FIG. 1: a simplified overview of a system for controlling the air/fuel mixture of an internal combustion engine,
FIG. 2: signal traces in combination with the method according to the invention,
FIG. 3: flowchart (in three parts) for explaining the method according to the invention and the operation of the arrangement according to the invention.
The embodiment relates to a method and an arrangement for monitoring the conversion rate of a catalyzer in the exhaust-gas system of an internal combustion engine.
Before the embodiments are explained in detail, it is pointed out that in the following, only control elements and actuator elements for operating the engine are mentioned which are important for explaining the invention. It is understood that further steps are required to satisfactorily operate the internal combustion engine in accordance with the exhaust gas requirements which are becoming evermore stringent. To this belong, for example, the areas of tank ventilation, the idle control, the exhaust gas feedback, etc.
These areas are known to the expert and it is understood that individual ones or several of these areas can be operated in combination with the system according to the invention.
Furthermore, it is also possible to adapt individual drive signals of the mentioned areas and also of the system of the invention in dependence upon operating characteristic variables of the internal combustion engine, that is, to adapt to the particular situations.
Adaptation methods are also known to the expert so that they need not be explained in detail.
The stages shown in the drawing for the open-loop/closed-loop control of the internal combustion engine are shown separately in order to explain the invention. Conventionally, the stages are integrated into an electronic control unit or are provided as part of a control program for a microcomputer which can be configured as part of the electronic control unit.
In FIG. 1, 10 identifies the internal combustion engine to which an air intake pipe 11 leads and from which an exhaust gas line 12 leads away. In the air intake pipe 11, an air-flow sensor 13, a throttle flap 14 as well an injection valve 15 lie one behind the other. The following are disposed in the exhaust-gas line: a catalyzer 16 with a first lambda probe 17 upstream thereof and a second lambda probe 18 downstream thereof.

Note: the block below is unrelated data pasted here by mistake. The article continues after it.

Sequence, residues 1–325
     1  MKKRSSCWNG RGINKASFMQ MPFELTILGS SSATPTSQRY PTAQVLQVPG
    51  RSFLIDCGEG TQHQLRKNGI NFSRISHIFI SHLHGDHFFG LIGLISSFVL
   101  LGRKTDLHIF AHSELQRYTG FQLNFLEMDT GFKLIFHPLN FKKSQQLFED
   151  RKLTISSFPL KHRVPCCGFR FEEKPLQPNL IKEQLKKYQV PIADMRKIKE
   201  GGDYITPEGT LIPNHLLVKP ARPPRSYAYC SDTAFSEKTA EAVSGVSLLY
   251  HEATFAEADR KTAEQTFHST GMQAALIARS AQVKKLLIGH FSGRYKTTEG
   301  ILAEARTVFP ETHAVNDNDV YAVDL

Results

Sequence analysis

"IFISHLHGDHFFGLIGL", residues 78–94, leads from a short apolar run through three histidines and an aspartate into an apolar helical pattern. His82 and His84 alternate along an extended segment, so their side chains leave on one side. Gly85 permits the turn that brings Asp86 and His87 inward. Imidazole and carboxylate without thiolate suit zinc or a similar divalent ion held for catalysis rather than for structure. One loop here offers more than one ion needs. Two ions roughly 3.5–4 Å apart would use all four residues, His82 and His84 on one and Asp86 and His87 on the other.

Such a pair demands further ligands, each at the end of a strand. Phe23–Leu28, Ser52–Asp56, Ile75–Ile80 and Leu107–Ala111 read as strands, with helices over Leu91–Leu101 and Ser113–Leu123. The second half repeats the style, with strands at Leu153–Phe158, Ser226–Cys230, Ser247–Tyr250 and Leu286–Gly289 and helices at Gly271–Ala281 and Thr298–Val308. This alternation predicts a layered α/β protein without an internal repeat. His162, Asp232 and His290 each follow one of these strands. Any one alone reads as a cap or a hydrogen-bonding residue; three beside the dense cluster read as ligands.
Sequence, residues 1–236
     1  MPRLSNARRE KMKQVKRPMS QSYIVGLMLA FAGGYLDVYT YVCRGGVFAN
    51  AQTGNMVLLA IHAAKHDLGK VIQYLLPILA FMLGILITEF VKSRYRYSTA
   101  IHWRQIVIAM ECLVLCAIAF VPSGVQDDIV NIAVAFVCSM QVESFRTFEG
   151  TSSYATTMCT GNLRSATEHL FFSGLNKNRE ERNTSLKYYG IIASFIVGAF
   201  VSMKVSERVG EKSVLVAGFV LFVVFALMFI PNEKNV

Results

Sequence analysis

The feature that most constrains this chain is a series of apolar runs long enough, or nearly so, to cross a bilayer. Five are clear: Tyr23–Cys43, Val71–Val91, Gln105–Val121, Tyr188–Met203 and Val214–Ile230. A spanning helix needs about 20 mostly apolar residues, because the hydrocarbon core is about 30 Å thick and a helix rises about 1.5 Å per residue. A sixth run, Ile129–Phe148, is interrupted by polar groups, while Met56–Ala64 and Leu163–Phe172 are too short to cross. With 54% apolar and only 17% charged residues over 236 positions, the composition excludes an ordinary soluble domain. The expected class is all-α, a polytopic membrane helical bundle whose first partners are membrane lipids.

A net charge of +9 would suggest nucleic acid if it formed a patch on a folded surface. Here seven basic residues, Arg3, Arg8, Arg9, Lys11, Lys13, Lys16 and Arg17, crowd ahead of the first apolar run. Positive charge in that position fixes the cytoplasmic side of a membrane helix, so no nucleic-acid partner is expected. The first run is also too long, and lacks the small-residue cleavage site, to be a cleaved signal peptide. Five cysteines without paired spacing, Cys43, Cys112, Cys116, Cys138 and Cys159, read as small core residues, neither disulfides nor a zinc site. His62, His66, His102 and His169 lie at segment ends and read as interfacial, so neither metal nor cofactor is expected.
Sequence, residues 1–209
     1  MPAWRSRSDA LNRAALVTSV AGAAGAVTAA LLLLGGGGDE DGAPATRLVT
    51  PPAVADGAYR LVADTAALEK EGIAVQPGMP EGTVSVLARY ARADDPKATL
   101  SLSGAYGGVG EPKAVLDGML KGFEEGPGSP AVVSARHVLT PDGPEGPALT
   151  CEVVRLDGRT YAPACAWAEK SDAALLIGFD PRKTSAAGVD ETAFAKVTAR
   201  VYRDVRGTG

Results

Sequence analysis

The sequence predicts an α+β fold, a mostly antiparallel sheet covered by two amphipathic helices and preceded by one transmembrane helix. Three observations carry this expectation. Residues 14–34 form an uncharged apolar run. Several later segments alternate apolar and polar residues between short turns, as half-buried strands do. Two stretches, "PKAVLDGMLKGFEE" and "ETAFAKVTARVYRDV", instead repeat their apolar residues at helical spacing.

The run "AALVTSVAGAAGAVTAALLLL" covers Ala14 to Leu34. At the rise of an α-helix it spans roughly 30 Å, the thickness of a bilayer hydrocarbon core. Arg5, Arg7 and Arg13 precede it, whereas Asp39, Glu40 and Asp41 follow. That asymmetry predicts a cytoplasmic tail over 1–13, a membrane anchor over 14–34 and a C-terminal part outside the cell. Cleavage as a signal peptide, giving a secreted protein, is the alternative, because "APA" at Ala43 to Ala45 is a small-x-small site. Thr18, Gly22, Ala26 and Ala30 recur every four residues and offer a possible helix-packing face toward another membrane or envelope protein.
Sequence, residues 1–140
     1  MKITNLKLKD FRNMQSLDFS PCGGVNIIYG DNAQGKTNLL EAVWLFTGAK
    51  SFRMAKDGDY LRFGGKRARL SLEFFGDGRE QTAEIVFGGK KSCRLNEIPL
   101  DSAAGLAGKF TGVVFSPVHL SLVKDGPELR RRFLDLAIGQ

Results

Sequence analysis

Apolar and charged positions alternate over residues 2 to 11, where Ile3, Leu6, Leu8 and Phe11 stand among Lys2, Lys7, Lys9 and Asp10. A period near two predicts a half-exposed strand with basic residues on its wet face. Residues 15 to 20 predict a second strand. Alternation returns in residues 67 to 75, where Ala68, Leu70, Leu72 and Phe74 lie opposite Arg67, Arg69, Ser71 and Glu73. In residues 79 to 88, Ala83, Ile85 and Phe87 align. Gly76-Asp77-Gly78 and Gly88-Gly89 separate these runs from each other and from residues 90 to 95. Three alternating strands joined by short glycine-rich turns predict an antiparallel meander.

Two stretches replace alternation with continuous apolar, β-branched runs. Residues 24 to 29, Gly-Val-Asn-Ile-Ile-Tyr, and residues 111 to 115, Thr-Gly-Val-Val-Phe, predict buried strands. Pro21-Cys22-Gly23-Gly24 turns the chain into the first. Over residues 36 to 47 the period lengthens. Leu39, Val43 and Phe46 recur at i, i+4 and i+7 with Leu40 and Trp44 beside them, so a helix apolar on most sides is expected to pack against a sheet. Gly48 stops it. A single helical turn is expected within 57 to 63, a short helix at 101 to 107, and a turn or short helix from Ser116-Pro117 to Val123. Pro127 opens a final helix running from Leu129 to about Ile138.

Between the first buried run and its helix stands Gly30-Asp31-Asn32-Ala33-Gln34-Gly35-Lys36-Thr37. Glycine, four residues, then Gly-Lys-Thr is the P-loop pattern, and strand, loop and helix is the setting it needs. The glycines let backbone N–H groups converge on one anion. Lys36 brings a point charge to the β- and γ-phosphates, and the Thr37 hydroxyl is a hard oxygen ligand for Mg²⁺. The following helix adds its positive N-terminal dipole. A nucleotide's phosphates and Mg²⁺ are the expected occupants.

A control apparatus 20 having component regions 20a, 20b and 20c receives signals of the air-flow sensor 13 as well as of an engine-speed sensor 21 and also the output signals of the two lambda probes 17 and 18. At the output end, the control apparatus 20 generates drive signals at least for the injection valve 15 as well as for a display unit 22. The individual areas of the control apparatus 20 identify: with 20a, the preprocessing of the injection signal for the injection valve 15; with 20b, signal processing for the individual signals of the lambda probes 17 and 18; and, with 20c, a diagnostic unit for the conversion quality of the catalyzer 16 with a corresponding drive of the display unit 22.
The basic structure of a fuel injection system having lambda control (shown in FIG. 1) is known as such as, for example, from U.S. Pat. No. 4,622,809 mentioned in the state of the art.
Starting from a load signal from the air-flow sensor 13 as well as the engine-speed signal from the engine-speed sensor 21, a precontrol value for the injection quantity is formed. This value is thereafter corrected in dependence upon at least one signal of the two lambda probes 17 and 18 in the sense of an adjustment as optimal as possible for the particular operating condition of the internal combustion engine.
The invention then relates to the type and manner as to how the conversion rate of the catalyzer 16 can be detected. This is explained with respect to the signal illustration of FIG. 2.
FIG. 2 shows the output signals of both lambda probes 17 and 18 of FIG. 1 already drawn in linearized form as a function of time. The trace having the solid line provides the signal for the probe 17 upstream of the catalyzer 16 and the trace with the line drawn broken provides the linearized signal of the probe 18 downstream of the catalyzer. Mean values M1 and M2 are assigned to the respective probe signals. They show identical values in the illustration of FIG. 2a for the reason of simplicity. Furthermore, the two probe signals are assigned permissibility ranges Z1 and Z2 with the limits (G11, G12) and (G21, G22), respectively.
Signals are formed starting with the traces of FIG. 2a in dependence upon individual thresholds being exceeded or there being a drop therebelow. These signals are shown in FIGS. 2a to 2g. Thus, FIG. 2b shows a signal trace which shows the setting of a first flag N1 whenever the signal of the first lambda probe 17 exceeds the upper threshold value G11. This flag N1 is reset when this probe signal exceeds the mean value M1. The same applies also when there is a drop below the threshold G12 up to when the mean value 1 is subsequently reached. This means that the flag N1 is always then set when the signal of the first lambda probe 17 leaves a permissibility range Z1. The flag N1 is cancelled when the mean value M1 is exceeded or there is a drop below this value.